Friday, November 16, 2012

Facing Hubris

Hu-bris: 1. PRIDE excessive pride or arrogance 2. EXCESSIVE AMBITION the excessive pride and ambition that usually leads to the downfall of a hero in classical tragedy.

It was only in the last few years that I began to use the word hubris. Its current popularity is evidence that hubris may have risen to an epidemic level in recent years.

In recent days the national media has been in a frenzy about a particular military professional and former CIA director who was discovered to be involved in some type of indiscretion. Revelation of details relating to the matter have expanded to involve another high-ranking military general along with several other individuals. The entire episode appears to be quite complicated.

None of this should come as a complete surprise. Hubris is now out of control.

Having lived in various corners of the country and worked at several jobs over the years, I have direct knowledge of several cases of hubris. I can only imagine how many other cases of similar behavior have occurred. These are stories to be shared in the break room but do not warrant media coverage. There must be countless examples floating around out there, let alone the stories that make the headlines.

Any analysis of hubris must include scam artists. These are people who offer to install vinyl siding or repair a driveway, asking for money in advance. Of course, they disappear along with your money. Other scams include fund raisers for people who aren't actually sick. How about email scams which outline details of how a significant amount of the writer's money is frozen in a foreign bank? Upon receipt of your bank information or social security number, a large percentage of the sequestered money will be yours.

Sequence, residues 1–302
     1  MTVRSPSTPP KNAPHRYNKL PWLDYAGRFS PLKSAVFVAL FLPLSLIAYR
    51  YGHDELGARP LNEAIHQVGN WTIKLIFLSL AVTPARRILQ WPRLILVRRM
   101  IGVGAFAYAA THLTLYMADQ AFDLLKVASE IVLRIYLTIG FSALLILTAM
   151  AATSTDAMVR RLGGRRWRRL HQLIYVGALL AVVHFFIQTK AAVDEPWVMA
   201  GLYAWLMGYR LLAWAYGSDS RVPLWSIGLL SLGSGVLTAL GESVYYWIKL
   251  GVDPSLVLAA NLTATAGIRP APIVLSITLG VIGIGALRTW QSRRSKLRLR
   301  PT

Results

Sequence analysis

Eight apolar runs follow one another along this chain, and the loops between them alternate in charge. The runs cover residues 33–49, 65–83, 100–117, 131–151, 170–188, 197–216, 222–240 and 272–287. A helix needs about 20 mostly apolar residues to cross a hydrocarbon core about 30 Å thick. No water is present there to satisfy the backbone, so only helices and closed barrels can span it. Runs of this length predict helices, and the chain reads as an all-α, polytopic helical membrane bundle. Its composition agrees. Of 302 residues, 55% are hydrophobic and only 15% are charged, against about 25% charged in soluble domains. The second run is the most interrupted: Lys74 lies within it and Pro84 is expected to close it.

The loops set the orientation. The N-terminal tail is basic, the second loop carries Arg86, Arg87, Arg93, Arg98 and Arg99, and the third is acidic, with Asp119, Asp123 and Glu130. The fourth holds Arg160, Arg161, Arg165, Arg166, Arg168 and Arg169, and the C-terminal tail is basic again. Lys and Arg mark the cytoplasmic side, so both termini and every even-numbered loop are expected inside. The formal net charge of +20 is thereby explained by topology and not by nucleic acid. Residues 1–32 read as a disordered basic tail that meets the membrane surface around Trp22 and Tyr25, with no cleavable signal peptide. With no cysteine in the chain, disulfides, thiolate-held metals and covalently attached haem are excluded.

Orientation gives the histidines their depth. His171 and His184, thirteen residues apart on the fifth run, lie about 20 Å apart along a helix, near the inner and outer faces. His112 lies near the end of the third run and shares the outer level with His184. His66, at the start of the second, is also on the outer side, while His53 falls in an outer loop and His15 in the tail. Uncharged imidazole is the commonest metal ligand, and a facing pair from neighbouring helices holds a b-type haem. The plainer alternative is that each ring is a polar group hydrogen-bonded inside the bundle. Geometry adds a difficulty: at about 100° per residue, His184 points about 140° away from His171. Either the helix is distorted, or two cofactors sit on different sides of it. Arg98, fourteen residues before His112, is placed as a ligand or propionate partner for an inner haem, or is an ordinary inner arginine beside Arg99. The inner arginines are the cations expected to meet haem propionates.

There are military veterans with storied records who never actually served in the military. Writers with highly-regarded educations who never attended the colleges identified on their resumes. Some people have reportedly impersonated medical professionals without bothering to be licensed.

This week I read a story of a comptroller in a small Midwestern town who pleaded guilty to embezzling $53 million from the city's accounts which allowed her to live lavishly while she continued to handle the town's finances. She will likely go to prison.

In my own experience, I know first-hand of several cases of hubris. One staff worker with a master key and access to offices was arrested for removing personal items from locked offices. Another person with similar access in a different setting took blank checks from Accounting, ran them through the check protector and then cashed them.   This does not even include the so-called "dalliances" which occur frequently in the workplace. Some such relationships are conducted with comparative discretion. Others are not.

Public examples of big-time hubris include famous athletes who may choose to use performance-enhancing aids, then vow to the press -- or even to Congress -- that they did not. They must believe themselves to be above the rules.

Some of these examples date from years ago, before cell phones had cameras and Facebook exposure was widespread. It's amazing to find that anyone -- like a former U.S. Senator -- would post compromising photos of themselves on Facebook without knowing that potentially millions of folks can see them. Stories of such poor judgment are rampant. "I didn't intend for everyone to see them" is a line often quoted in connection with such stories.

Poor judgment. At one time or another, most of us have displayed poor judgment. Telling a friend how much you dislike his/her current partner by saying "I'm glad you got rid of him/her. You deserve better." Then when the couple inevitably reunites, you have one less friend. Poor judgment.

However, displays of hubris are often headline grabbers. Reading about such events, it's natural to ask "What was the person thinking?"

Best to keep a watchful eye for our own lapse of good judgment to avoid making headlines. Hubris may be lurking around the next corner.





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